Working past 65
March 13, 2014 10:33 am
Only a third of those working past 65 are doing so for the income, with a similar number doing so because they enjoy work, according to recent research.
Have you noticed how staff in shops often seem to be quite old? Not just in B&Q and Marks & Spencer, but here, there and everywhere. That is a reflection of what is happening in the workplace generally, with February’s official employment figures showing that the number of people over 65 staying at work rose by 26,000 in just one month. There were 1,092,000 UK workers over 65 between October and December 2013, so no wonder we have started to notice them.
The key question is: why are people choosing to stay at work? What happened to the longing for golf or day-time TV, or an aged gap year adventure? Of course a practical reason is that people now do have the choice to stay, rather than falling automatically off the cliff of retirement; they have done so since the law changed in 2006 and age discrimination law stopped people having to retire at a set age. For the next generation and certainly the one after that, the reason for staying at work will be for the money, as pension values fall away. But why so many in the present era of generally higher pensions?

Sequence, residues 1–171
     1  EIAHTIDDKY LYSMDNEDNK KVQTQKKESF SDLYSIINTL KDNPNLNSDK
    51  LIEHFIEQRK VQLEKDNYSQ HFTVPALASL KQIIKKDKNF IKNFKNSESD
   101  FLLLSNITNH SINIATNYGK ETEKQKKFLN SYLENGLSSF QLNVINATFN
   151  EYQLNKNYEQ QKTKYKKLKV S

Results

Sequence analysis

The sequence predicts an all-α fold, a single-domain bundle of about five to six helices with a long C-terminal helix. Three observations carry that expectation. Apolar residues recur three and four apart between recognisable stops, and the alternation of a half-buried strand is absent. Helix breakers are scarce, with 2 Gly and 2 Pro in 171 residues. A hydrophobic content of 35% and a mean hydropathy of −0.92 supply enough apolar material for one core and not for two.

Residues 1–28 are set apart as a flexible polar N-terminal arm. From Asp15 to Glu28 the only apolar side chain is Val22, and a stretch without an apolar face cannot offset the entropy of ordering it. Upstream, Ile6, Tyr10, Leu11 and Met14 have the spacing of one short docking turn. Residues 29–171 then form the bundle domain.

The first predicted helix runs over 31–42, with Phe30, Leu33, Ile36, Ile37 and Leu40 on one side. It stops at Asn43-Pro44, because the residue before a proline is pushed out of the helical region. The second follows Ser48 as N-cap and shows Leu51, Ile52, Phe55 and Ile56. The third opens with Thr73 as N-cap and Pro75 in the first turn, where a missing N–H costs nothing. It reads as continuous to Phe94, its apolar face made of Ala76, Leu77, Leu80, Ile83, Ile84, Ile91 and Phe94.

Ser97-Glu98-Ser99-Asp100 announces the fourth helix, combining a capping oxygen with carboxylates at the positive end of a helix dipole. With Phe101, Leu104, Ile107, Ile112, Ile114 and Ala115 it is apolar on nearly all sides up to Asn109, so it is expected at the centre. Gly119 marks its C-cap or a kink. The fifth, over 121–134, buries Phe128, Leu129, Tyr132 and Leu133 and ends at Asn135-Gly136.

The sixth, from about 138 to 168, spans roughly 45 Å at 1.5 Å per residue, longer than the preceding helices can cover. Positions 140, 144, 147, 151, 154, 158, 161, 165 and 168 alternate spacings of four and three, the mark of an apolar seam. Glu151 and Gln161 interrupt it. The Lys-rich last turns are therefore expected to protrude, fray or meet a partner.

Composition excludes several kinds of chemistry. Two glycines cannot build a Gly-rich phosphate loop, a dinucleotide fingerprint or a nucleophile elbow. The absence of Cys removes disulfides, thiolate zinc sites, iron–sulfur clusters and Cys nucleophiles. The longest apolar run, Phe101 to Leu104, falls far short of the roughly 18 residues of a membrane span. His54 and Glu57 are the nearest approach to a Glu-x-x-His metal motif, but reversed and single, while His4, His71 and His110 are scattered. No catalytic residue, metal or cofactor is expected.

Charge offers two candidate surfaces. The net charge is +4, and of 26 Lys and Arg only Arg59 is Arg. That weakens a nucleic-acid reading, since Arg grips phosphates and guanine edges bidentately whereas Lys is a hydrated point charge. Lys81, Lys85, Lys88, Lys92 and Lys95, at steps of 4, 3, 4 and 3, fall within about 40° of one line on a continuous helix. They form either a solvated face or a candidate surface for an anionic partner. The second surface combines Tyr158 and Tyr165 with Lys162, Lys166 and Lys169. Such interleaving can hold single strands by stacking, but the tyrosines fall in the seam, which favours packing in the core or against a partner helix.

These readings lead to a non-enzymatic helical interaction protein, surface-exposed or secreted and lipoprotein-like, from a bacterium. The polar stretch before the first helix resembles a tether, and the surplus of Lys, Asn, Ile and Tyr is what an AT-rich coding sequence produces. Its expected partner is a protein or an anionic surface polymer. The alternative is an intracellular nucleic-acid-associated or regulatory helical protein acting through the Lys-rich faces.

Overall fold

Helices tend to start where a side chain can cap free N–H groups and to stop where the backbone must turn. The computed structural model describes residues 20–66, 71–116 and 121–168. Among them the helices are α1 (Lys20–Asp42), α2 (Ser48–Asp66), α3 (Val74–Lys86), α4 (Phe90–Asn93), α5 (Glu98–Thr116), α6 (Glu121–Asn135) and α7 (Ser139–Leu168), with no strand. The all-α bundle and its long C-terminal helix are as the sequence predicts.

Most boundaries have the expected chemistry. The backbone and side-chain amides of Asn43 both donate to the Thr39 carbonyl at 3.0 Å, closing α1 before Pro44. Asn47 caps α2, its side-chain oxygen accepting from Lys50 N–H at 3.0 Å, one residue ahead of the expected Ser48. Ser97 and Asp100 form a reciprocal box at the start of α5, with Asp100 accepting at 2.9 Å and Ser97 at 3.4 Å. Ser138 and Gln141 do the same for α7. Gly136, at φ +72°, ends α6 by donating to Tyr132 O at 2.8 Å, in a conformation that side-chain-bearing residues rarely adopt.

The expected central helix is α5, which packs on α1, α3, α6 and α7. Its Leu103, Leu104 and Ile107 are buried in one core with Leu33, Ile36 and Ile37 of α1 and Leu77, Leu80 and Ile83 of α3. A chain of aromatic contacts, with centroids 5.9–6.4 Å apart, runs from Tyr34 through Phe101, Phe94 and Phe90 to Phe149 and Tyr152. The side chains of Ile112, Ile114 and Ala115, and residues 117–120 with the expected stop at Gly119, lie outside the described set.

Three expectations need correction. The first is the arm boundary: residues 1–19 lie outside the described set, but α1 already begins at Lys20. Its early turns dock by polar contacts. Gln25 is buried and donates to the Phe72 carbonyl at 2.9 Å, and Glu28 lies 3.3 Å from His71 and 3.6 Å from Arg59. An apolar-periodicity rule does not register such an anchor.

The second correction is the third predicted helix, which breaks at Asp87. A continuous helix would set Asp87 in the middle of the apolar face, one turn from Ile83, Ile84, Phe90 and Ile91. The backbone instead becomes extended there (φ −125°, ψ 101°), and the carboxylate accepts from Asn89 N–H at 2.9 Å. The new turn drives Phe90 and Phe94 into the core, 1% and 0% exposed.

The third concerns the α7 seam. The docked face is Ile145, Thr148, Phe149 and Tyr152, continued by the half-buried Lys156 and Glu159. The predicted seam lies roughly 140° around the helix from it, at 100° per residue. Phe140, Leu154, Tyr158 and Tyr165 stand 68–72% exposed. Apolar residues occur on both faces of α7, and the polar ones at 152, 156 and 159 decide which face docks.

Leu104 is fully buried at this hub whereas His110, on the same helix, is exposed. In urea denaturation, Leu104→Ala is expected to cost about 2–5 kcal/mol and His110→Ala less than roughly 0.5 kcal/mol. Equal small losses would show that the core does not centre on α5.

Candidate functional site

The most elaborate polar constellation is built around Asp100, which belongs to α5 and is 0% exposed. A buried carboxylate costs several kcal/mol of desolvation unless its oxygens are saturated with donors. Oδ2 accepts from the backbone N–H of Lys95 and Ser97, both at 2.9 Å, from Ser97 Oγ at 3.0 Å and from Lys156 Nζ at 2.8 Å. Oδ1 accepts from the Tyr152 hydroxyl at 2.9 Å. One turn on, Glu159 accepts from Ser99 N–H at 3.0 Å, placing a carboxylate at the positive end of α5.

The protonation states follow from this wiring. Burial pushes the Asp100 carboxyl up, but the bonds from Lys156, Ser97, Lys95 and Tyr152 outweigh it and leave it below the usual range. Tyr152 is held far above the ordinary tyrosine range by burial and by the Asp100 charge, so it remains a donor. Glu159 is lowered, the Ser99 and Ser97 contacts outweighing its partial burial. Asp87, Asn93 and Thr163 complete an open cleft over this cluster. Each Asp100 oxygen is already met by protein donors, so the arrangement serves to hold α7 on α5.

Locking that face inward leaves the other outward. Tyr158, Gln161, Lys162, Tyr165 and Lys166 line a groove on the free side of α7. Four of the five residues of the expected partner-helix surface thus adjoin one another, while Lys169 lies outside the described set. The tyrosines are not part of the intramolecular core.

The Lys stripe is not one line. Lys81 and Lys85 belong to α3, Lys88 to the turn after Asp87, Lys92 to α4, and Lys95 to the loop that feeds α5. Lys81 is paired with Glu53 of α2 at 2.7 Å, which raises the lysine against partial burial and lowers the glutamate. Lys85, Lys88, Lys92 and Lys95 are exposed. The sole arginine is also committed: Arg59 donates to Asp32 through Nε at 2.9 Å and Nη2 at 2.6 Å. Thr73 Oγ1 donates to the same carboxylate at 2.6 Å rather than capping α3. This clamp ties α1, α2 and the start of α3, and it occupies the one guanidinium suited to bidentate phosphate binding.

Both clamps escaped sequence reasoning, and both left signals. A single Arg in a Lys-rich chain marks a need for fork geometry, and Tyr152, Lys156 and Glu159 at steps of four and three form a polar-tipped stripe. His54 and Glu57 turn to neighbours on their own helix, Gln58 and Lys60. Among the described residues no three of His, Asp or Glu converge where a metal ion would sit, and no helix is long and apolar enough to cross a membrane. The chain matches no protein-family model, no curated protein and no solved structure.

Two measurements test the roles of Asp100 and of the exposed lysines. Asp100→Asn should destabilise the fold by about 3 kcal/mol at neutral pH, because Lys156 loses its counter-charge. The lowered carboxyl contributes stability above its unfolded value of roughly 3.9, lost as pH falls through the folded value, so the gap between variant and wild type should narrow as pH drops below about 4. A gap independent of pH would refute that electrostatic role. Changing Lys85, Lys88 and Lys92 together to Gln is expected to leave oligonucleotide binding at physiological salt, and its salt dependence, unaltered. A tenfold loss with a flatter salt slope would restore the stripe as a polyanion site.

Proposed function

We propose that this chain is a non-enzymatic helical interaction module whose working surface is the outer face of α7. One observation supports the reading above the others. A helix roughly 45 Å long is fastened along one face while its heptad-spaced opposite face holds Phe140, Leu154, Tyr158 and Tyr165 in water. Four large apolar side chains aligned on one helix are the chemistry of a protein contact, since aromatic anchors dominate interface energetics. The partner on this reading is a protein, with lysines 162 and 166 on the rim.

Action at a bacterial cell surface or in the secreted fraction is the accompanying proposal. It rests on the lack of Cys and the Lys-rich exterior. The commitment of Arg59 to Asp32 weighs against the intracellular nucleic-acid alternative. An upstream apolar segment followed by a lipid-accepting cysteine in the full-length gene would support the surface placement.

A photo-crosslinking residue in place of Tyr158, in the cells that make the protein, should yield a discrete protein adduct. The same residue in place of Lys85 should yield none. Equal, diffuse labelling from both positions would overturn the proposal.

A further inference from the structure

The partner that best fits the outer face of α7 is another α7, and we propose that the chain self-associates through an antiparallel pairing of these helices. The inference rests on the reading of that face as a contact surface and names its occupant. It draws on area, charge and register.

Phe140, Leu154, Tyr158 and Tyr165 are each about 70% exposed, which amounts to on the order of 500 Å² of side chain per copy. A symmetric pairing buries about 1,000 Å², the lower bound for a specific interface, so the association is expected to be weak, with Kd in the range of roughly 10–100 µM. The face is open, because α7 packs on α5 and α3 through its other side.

Research just out shows that only a third staying at work after traditional retirement ages are doing so for the money. While 36% are at work mainly for the money, 32% do it for personal fulfilment and 25% in order to stay active and engaged. (The research did not ask how many wanted to avoid spending too much time with their other half!)
And we can expect more of the same as this trend for staying at work grows: of over 50’s polled only 25% plan to fully retire straight away, 49% want to continue working past 65 and 40% expect to stagger their retirement with part-time work. And with the changes this summer allowing everyone to ask to work flexibly, the trend for part time working below retirement age and continuing afterwards is set to grow and grow. So the old cliff edge of retirement – from full time to nothing at all – will no longer be the pattern, as the individual pathway from work to old age becomes more of a gentle slope. Arguably this will benefit employers as it will reduce the immediate loss of accumulated expertise and allow the stable and committed influence of older workers to continue. What will be the implications for younger workers who need the jobs? That’s another subject, but time will tell.
For more information contact Frances Barker, Employment Partner Blockslegal LLP, on email@example.com